Brenda Spriggs, MD, MPH, MBA
Most people experience a nosebleed, or epistaxis, at least once in their lifetime. Bleeding from the front, or anterior, nasal cavity accounts for most nosebleeds. Only 5 to 10 percent of epistaxis originates from the posterior nasal cavity near the back of the upper throat, according to the American Rhinologic Society.
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Most nosebleeds stop on their own without medical treatment and typically don’t represent a significant health concern. However, recurrent or unexplained nosebleeds may indicate a serious underlying disease, including cancer.
Nasal and Paranasal Sinus Cancer
Recurring nosebleeds are a common symptom of a cancerous tumor in the nasal cavity or the sinuses, known medically as the paranasal sinuses. Squamous cell carcinoma (SCC) is the most common type of cancer in these areas. SCC arises from the lining tissue of the nose or sinuses.
Less commonly, nasal and sinus cancers arise from bone, cartilage or another type of connective tissue. Melanoma is a rare cause of cancer in this area, accounting for less than 1 percent of cases according to the National Cancer Institute.
Nosebleeds due to nasal or sinus cancer usually recur, involve one side of the nose and typically do not cause heavy bleeding. Other common symptoms include a runny nose and one-sided nasal stuffiness, facial pain, tooth pain or ear pressure.
Nosebleeds may also be a symptom of leukemia. The term leukemia refers to a group of cancers arising from the blood-forming cells of the bone marrow. Depending on the type of leukemia, the bone marrow overproduces one type of cancerous blood cell while production of other blood cell types falls.
This often leads to a markedly reduced number of blood platelets, which help stop bleeding. Therefore, people with leukemia often bruise or bleed easily, and may experience frequent nosebleeds. Acute myeloid leukemia (AML) and chronic lymphocytic leukemia (CLL) are the most common forms of leukemia among adults. Both occur most frequently in older adults.
Nosebleeds due to leukemia may be difficult to stop, although the bleeding typically isn’t heavy. In addition to nosebleeds and easy bruising, other possible symptoms of leukemia include fevers, night sweats, bone pain, swollen lymph nodes, fatigue, weakness and unintended weight loss.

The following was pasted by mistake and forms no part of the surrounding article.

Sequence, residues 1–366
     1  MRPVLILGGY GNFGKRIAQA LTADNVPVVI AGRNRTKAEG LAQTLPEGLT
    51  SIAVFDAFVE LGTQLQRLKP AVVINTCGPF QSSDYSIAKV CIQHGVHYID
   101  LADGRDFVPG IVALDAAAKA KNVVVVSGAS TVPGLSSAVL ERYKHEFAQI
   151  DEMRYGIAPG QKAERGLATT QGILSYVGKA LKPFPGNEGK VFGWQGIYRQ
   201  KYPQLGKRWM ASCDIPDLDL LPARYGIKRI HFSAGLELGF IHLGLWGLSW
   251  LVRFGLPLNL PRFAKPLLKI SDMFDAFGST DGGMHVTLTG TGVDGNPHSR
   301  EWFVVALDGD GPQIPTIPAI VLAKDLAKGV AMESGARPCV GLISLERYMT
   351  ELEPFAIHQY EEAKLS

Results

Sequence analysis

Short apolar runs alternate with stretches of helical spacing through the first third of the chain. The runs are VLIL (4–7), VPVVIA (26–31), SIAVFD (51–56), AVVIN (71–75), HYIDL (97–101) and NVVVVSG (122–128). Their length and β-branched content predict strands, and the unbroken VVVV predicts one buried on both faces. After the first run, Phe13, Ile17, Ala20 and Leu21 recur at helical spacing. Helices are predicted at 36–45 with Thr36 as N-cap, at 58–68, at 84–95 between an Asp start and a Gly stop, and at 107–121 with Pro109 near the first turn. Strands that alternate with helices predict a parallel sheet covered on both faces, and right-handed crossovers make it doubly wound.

Lymphoma refers to cancer arising from cells called lymphocytes in the body's lymph system, which includes the lymph nodes, spleen, tonsils, adenoids, thymus and a body-wide network of lymphatic vessels and tissues. Hodgkin disease and non-Hodgkin lymphoma (NHL) are the two main types of lymphoma.
Since lymph nodes and other lymphatic tissues occur throughout the body, lymphoma can arise in virtually any location — including the nose and sinuses. Nasal and paranasal lymphomas are usually the NHL type. Growth of cancerous lymphoid tissue in the nose or sinuses can erode into nearby blood vessels and cause nosebleeds.
Less commonly, bone marrow involvement with advanced Hodgkin disease or NHL arising elsewhere in the body can lead to epistaxis due to reduced platelet production.
Symptoms associated with nasal or sinus lymphoma are similar to other cancers in these areas. Lymphomas arising outside of the nose or sinuses often cause generalized symptoms that resemble leukemia.
Warnings and Precautions
Only about 6 percent of nosebleeds require medical care to stop the bleeding, according to the American Rhinologic Society. However, it's important to seek immediate medical attention for a nosebleed that is heavy or will not stop within 10 to 15 minutes when applying firm but gentle pressure.
Additionally, seek medical evaluation as soon as possible if you experience recurring nosebleeds. While cancer is among the less common causes of nosebleeds, it's important not to ignore this potential cancer warning sign.
Reviewed and revised by: Tina M. St. John, M.D.